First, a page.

Impact tests on RAMSSES ship hull demonstrator show resilience of composites

Damen Shipbuilding and project consortium partners test 6-meter-high, resin-infused composite hull section.


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RAMSSES project.

Photo Credit: Damen Schelde Naval Shipbuilding

Partners in the Realisation and Demonstration of Advanced Material Solutions for Sustainable and Efficient Ships (RAMSSES) project are working to demonstrate a composite ship that weighs 40% less than a steel equivalent, offering considerable reduction in fuel consumption and emissions. 

Led by Damen Schelde Naval Shipbuilding (DSNS, Gorinche, Netherlands) and Damen Gorinchem (DSGo), in cooperation with InfraCore Co. (Rotterdam, Netherlands), Evonik (Essen, Germany), Airborne UK and TNO (the Netherlands Organisation for applied scientific research), a six-meter high, composite hull section was unveiled in July 2020, after three years of development. Titled, “Custom Made Hull for Offshore Vessel”, this is one of 13 demonstrators being constructed in the RAMSSES project. 

Unique in this demonstrator project is that the whole cycle from product design, novel resin development, alternative fiber architectures, novel joining solutions, scaling up infusion technology, validation of large composite structures and risk-based design are being developed and tested under the auspices of the marine classification society Bureau Veritas (BV). In addition, the partners pioneered the capability to infuse thick laminates up to six meters in height that represent full-scale ship hull structures.

As described in CW’s Dec 2019 feature “Removing barriers to lightweighting ships with composites”, and in DSNS press releases, there is currently an absence of approved guidelines for composite vessels. Regulations covering composite shipbuilding only cover vessels up to 500 tonnes — approximately 25 meters in length. RAMSSES aims to address this by scaling up the composite technology and capacity to design, produce and market composite vessels up to 85 meters long in full compliance with Safety of Life at Sea (SOLAS) and class regulations.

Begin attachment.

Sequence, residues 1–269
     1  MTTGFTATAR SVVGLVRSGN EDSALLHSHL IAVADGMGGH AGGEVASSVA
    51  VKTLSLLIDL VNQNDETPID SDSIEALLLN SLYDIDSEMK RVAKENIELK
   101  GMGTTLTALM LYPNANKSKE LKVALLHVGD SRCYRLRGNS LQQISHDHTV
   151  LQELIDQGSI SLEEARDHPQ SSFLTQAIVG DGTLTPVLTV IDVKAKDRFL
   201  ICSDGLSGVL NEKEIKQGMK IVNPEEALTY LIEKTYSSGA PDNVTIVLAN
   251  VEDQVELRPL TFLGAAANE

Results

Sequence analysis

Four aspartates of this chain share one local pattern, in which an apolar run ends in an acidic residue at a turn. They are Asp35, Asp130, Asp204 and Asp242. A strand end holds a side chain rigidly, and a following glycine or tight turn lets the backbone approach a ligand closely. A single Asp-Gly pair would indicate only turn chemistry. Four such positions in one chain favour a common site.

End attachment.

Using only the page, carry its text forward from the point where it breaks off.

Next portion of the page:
It will do this by validating the production process of large composite structures with economic improvement and key performance indicators for fire resistance, impact resistance and structural robustness. Furthermore, performing the assembly at DSNS has demonstrated the feasibility to construct composite vessels in shipyards traditionally dedicated to steel.

Now, impact tests on the RAMSSES demonstrator at DSNS in Vlissingen, Netherlands, are proving the resilience of composites to harsh marine environments. Multiple impact tests surpassing helicopter emergency landing loads were demonstrated on the RAMSSES hull shell and its composite helicopter deck.

This work section of the RAMSSES project is led by DSNS and Damen Shipyards Gorinchem, which has developed the baseline design. Engineering has been performed by Airborne UK and InfraCore Co., who have brought the company’s expertise in composites to the project. Evonik has developed the resin to infuse the composites. Following assembly, TNO will perform full-scale tests for validation of design, quality management and structural performance. Bureau Veritas has provided consultancy and advice that will provide a smart track to approval.

The approval process has been developed in close cooperation with Research Institutes of Sweden (RISE), Netherlands Maritime Technology Foundation and Bureau Veritas. A Hazld (hazard identification) test has already been performed by RISE and Bureau Veritas to address all fire risks.

“The work we are doing here is important for the future of shipping. Sustainability is a major focus in industry right now and shipbuilding is no exception,” says Marcel Elenbaas, senior engineer at Research & Technology Support DSNS. “The use of composites for larger ships has significant consequences for the entire design of the ship. If it is lighter, a vessel uses less fuel and produces lower emissions. The vessel also requires smaller engines, which means more space for additional systems, making for a more versatile platform. And of course, composites require considerably less maintenance than a steel vessel. With RAMSSES we have the opportunity to demonstrate the effectiveness and viability of large-scale composite shipbuilding.”

The RAMSSES project has received funding from the European Union’s Horizon 2020 research and innovation program under grant agreement No 723246. Other demonstrators in the RAMSSES project include innovative components and modular lightweight systems, maritime equipment, the application of high-performance steels in load-carrying hull structures, the integration of composite materials in various structures  for global repair.


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